Lucy was regal and beautiful-we stared at her in awe (with slight papping-our-pants facial expressions). She was ours for the morning and we would get to ride, yep not sit in a basket but physically bareback ride, her through the hills and bathe her in the river. 

But first, we had to go through the rather painstaking task of getting atop Lucy...and that involved getting to know Pee in a more initmate way. With a hand on each cheek, the bottom variety, he pushed me up and I gallantly (note the sarcasm) climbed aboard. A little flustered, and sore I might add, it was time to begin my most surreal morning to date

Jenna and I navigated Lucy through the lush greenery with our legs tucked behind her heavy ears and our hands gently placed on her leathery skin. While I had expected nerves, the tickle in my tummy soon subsided and instead all I felt was excitement. We trekked to the river and surprisingly stayed put. Meanwhile I made a life decision. I was going to marry our little guide Pee and happily make myself a home and nest amongst the jungle- Pee, the elephant and me, has a ring to it don't you think?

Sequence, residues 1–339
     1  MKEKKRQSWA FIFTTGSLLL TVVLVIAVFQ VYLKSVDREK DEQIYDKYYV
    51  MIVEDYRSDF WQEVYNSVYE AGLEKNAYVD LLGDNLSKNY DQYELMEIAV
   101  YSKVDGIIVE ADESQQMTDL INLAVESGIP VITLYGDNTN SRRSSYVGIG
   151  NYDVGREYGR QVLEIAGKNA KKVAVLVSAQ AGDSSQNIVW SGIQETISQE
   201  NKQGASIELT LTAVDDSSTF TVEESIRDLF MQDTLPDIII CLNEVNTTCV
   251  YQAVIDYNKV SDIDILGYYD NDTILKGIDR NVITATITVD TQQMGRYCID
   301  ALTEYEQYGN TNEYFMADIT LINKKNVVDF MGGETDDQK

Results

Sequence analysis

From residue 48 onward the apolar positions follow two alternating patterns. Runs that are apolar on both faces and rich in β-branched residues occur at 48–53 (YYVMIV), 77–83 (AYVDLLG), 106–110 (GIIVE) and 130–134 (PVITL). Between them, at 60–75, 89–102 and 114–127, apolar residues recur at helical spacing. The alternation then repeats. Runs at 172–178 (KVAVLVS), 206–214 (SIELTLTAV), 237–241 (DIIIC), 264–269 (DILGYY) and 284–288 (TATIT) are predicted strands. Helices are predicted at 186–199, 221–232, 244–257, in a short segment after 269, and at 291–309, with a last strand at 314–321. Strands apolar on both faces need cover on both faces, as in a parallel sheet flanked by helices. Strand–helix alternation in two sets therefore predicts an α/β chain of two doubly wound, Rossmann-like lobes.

After Jenna informed me that this was slightly unrealistic our morning with Lucy came to an end with a wild water fight. Jenna and I were left soaked to the skin but I guess that’s what happens when you take on an animal with a fairly large water pistol, aka a trunk. A morning of laughter, amazement and awe; we were two happy chicas, but the day wasn’t over yet...

After lunch Pee took us deeper into the valley to visit a hill tribe village. We watched in fascination as the women went about their daily chores covered head to toe in jewellery. They looked back at us, probably with the same fascination. 

After our afternoon of culture and basic staring, we ended on a Pocahontas-esq note and rafted back down the river. Pee soon grew tired of my rendition of “Colours of the Wind” and shut me up by splashing me head to toe. Yep, soaked again.

To mark the end of our day of surreal jungle madness myself, Jenna, Pee downed a shot of jungle whisky.I can still feel the burn...

The next day our trip of wonderment continued-it was time to go a touch wilder and brave the Tiger Kingdom. Located just outside of the city it was easy to reach by tuk tuk. The entry fee depends on the size of tiger you wanted to see though. We decided the bigger the better and booked a date with the daddy tigers.